K-means clustering is a method of vector quantization, originally from signal processing, that is popular for cluster analysis in data mining. k-means clustering aims to partition n observations into k clusters in which each observation belongs to the cluster with the nearest mean, serving as a prototype of the cluster. This results in a partitioning of the data space into Voronoi cells. As a result of clusterization, we are receiving a Cluster model which can be used for predicting cluster ID for any message vector. We can apply the 1-nearest neighbor classifier on the cluster centers obtained by k-means to classify new data into the existing clusters.

In the picture below you can see some messages from cluster #4 related to keywords “Internet Service Outage”

Fig. 3 — Example messages from cluster #4 Internet service outage

As you can see — all messages have the same meaning about service outages in some areas, which confirms that clusterization was done correctly and provides useful information.

Visualization

To verify the results of clusterization — it will be very good to visualize clusters on some chart, to be able to see location and differences for each cluster. As it was described above, each message after NLP analysis is presented as a vector in N-dimensions. To display these vectors on a 2D or 3D chart — we must simplify them. For this, we can use principal component analysis.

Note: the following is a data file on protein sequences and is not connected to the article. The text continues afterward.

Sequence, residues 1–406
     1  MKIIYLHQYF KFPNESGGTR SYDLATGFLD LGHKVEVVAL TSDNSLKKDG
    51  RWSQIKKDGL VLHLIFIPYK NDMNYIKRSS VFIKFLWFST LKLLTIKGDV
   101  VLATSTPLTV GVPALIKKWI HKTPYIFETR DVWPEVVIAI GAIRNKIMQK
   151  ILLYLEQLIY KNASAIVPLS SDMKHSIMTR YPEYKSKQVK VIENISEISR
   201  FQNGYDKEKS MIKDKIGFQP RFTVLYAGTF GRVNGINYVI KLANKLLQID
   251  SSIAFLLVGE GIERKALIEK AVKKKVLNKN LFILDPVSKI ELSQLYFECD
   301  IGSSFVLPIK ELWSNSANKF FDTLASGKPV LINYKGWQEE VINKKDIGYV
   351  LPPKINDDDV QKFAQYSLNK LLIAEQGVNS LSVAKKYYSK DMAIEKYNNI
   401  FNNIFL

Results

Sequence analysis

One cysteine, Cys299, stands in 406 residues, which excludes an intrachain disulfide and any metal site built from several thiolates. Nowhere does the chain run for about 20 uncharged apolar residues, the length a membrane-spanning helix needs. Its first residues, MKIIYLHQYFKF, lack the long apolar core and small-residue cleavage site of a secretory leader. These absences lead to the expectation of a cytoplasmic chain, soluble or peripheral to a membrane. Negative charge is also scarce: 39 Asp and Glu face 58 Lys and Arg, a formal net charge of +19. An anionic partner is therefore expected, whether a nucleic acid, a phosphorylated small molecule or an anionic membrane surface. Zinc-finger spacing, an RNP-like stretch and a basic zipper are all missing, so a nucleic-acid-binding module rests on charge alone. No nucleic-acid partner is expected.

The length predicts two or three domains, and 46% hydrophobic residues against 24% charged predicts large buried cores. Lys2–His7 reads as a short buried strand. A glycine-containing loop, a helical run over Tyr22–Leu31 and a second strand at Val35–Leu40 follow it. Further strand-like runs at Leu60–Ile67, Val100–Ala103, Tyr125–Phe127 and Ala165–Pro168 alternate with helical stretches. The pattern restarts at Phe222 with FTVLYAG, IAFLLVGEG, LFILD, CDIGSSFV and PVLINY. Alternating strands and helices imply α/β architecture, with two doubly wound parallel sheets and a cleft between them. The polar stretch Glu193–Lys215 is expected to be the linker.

Principal component analysis (PCA) is a mathematical procedure that transforms a number of (possibly) correlated variables into a (smaller) number of uncorrelated variables called principal components. As result, we are converting our message vectors from N-dimensional space into 3-dimensional space.

Also, we are detecting Cluster ID for each incoming message by using a generated cluster model. For each cluster, we are defining a list of the most common keywords inside.

By having vectors in 3-dimensional space, cluster IDs predicted for each vector — we can build a 3D chart that is displayed in fig. 5.

Fig. 5 — Visualization for received messages into clusters

As you can see from this chart — incoming messages are well-grouped into clusters by meaning, because points for each cluster are distributed from other cluster points.

Future Todos

As you can see from Fig. 2 — not all steps in the proposed schema were developed and tested. Also, some steps can be improved. Below I listed some planned todos:

  1. Try another clusterization methods, maybe some of them will improve the quality of the clusters
  2. Running clusterization for responses from customer support service, and clusters received in result will be like Responses for Intents.
  3. Using NLP engine Spacy and Neural Networks to detect base Entities for intents: Location, Price, Duration, etc…

Conclusions

As you can see — the proposed unsupervised training approach returned good results for sample requests. It allowed us to convert thousands of text messages representing incoming requests into support service to the tens of clusters grouping all these messages by general topic. In the next steps, we can play with the number of clusters, grouping typical responses into clusters, detecting entities that must be requested from customers to give them correct answers for their requests.

PhD., Chief Data Officer at Widr Pay